Tompkins Square Park
Samuel Sullivan “Sunset” Cox (1824–1889) was born in Zanesville, Ohio, and served his home state as a Democratic Congressional representative from 1857 to 1865 before being unseated. After moving to New York in 1866, Cox served again in Congress for several terms from 1869 until 1889.
Although Cox once publicly declared that his most satisfying contribution to public service was championing the Life Saving Service—founded in the 1840s to patrol the coasts and save imperiled boaters during bad weather, the group was absorbed into the Coast Guard in 1915—this statue is sponsored by U.S. Postal Service workers because of Cox’s support for their quality-of-life issues. Known as the “letter-carriers’ friend,” Cox spearheaded legislation that led to paid benefits and a 40-hour workweek for postal employees. Mail carriers from the 188 cities named on the monument contributed $10,000 for the statue in a campaign that began soon after Cox’s death.
Sculptor Louise Lawson’s statue of Cox, unveiled in 1891, depicts him orating before Congress. Lawson (186?–1899) came from a prominent Ohio family. She and her brother, U.S. Representative W. D. Lawson, both attended Cox’s 1889 funeral at which President Grover Cleveland and General William Sherman served as honorary pallbearers. One might interpret the statue’s somewhat stiff quality as representative of Cox’s steadfast stance on issues for which he advocated.
After the statue’s unveiling on Independence Day 1891, the New York Tribune noted, somewhat less charitably, that Cox’s “usually genial countenance is strained” and “out of harmony” with the Congressman’s natural demeanor. “The likeness is not a good one, and the facial resemblance is hardly suggestive,” the article added. A New York Times account of the ceremony questioned whether the statue “will ever be greatly admired as a work of art.” Nevertheless, a reported 2,500 letter carriers came from as far away as New Orleans and Memphis to participate in the moving ceremony to honor Cox at the statue’s unveiling.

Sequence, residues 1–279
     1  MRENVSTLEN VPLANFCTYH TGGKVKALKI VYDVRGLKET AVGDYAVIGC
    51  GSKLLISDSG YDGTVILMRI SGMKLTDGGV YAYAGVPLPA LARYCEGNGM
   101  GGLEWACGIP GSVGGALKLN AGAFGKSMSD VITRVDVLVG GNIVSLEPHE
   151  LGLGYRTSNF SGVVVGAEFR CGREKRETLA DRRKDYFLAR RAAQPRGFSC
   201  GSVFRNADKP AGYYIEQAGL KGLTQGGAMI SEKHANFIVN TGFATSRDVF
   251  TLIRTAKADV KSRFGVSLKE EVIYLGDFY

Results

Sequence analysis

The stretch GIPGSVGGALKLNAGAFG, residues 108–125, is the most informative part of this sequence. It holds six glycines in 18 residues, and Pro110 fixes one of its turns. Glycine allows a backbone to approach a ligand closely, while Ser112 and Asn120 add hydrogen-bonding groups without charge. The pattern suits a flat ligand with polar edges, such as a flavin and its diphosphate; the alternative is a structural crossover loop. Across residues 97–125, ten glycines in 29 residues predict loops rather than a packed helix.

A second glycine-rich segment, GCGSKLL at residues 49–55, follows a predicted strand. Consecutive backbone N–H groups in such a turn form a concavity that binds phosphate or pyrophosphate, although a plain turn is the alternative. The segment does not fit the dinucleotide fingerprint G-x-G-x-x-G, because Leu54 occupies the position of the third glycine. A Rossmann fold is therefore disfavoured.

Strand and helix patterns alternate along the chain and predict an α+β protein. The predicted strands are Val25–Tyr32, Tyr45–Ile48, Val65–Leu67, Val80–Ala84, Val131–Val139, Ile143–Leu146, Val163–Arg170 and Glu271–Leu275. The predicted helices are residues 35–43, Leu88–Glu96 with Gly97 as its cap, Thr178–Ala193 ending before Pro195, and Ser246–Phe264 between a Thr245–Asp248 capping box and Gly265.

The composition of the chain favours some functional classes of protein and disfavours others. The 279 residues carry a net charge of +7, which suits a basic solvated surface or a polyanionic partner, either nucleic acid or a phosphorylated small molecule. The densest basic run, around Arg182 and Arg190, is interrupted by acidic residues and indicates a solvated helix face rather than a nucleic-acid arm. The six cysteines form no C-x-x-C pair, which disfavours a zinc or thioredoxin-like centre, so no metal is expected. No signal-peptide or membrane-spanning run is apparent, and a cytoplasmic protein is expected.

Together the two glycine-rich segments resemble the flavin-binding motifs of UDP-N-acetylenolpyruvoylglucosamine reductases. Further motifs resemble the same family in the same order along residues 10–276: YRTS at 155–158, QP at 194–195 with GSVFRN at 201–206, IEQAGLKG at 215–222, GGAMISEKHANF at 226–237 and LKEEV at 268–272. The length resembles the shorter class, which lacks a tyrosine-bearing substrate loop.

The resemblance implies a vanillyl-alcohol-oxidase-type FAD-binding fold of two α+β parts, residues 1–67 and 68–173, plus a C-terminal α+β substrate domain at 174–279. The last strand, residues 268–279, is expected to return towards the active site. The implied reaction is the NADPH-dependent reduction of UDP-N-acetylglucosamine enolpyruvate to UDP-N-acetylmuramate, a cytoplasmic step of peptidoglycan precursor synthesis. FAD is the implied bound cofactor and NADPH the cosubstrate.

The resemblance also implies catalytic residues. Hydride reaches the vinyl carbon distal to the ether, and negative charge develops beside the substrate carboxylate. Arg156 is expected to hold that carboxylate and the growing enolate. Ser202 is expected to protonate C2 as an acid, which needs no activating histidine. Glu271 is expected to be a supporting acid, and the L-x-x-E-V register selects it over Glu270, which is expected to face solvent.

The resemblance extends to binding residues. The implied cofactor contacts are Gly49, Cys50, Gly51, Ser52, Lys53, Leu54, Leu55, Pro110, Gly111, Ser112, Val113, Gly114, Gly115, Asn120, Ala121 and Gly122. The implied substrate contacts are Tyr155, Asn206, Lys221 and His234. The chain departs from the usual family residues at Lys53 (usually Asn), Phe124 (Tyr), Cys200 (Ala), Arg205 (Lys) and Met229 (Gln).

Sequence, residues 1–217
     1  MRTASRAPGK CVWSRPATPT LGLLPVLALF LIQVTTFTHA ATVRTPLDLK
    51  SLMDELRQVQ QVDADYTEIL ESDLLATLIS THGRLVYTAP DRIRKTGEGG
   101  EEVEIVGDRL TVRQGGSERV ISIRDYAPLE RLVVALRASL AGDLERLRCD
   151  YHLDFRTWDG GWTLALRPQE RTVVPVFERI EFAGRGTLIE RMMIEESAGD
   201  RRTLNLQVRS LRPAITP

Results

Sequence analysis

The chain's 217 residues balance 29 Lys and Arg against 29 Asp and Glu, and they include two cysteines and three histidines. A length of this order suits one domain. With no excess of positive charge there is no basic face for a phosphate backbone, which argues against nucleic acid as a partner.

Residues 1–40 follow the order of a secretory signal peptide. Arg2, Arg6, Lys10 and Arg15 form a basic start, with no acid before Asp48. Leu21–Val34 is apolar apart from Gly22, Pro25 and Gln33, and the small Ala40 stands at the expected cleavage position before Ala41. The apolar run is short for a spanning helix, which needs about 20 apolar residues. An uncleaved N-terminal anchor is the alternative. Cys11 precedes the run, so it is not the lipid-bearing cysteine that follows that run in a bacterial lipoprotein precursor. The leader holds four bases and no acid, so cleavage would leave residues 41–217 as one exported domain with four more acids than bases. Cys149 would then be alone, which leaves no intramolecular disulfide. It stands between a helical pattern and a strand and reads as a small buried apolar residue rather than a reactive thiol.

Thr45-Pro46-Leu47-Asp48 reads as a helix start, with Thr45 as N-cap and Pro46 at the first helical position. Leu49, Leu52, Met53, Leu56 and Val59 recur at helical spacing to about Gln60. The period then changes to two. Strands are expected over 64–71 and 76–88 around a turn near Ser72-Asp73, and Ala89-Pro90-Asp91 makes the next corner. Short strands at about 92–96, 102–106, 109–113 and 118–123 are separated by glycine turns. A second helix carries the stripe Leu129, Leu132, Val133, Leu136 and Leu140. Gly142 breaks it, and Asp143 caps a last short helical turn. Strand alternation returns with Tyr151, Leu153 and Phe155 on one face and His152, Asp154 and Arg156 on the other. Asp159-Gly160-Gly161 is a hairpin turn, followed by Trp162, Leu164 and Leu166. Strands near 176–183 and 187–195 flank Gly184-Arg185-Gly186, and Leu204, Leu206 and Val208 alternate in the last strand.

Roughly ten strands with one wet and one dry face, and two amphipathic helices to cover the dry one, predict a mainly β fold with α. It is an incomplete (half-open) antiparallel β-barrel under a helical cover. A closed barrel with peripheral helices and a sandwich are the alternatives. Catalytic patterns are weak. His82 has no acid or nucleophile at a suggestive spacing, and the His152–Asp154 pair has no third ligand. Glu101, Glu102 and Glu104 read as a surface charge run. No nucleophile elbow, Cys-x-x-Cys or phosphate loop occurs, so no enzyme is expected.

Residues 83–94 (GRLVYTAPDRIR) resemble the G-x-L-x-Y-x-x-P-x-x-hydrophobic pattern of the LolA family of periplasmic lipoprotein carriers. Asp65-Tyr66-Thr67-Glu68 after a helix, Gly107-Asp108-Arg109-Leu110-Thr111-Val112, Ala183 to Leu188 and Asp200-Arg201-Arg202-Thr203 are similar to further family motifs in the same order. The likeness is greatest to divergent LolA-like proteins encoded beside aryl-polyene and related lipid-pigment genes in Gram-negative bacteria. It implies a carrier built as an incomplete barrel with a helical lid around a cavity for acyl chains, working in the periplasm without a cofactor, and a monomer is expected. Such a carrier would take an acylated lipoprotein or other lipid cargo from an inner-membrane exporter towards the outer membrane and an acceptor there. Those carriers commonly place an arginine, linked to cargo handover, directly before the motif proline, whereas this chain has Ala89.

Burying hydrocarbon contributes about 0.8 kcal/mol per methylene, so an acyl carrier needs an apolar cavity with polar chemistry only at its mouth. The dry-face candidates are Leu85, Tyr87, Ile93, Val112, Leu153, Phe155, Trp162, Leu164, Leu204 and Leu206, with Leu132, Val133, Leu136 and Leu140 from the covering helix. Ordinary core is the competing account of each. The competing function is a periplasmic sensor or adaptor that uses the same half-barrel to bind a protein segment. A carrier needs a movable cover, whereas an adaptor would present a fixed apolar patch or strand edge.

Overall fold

The statue originally stood near Cox’s home on East 12th Street at the intersection of Lafayette Street, Fourth Avenue, and Astor Place. In November 1924, due to a street-widening project in the vicinity of Astor Place, it was moved to its current location at the southwest corner of Tompkins Square Park.
In 1998, the monument was conserved by the Citywide Monuments Conservation Program. The treatment included cleaning, repatination, and application of a protective coating to the bronze sculpture and plaques. The pedestal was also cleaned and the lettering was remolded on the front side of the base.
Samuel Sullivan Cox Details
- Sculptor: Louise Lawson
- Description: Standing figure (over life-size) with integral plinth, on pedestal with two plaques, on base
- Materials: Figure and plaques--bronze; Pedestal--Barre granite (polished); Base--concrete
- Dimensions: Figure H: 8' W: 4' D: 4'; Pedestal H: 11' W: 7'1" D: 7'1"
- Cast: 1891
- Dedicated: July 4, 1891
- Foundry: Henry-Bonnard Bronze Company, New York
- Donor: United States Letter Carriers
- Inscription: Pedestal front:
SAMUEL S. COX
SAMUEL SULLIVAN COX / THE LETTER CARRIER'S FRIEND / ERECTED IN GRATEFUL AND LOVING MEMORY / OF HIS / SERVICES IN CONGRESS / BY THE / LETTER CARRIERS OF NEW YORK, HIS HOME, / AND OF THE / UNITED STATES, HIS COUNTRY / JULY 4, 1891 / COMMITTEE; GEORGE H. NEWSOM, CHAIRMAN / THOMAS MURPHY, TREASURER, JAMES GREER, / JAMES MC VEY, BERNARD S. KENNEDY, / MICHEAL J. HARNEY, CHARLES P. KELLY. /
THE LETTER CARRIERS / OF THE FOLLOWING CITIES / ERECTED THIS MONUMENT TO / SAMUEL SULLIVAN COX. / [Here follows a list of about 200 cities.]
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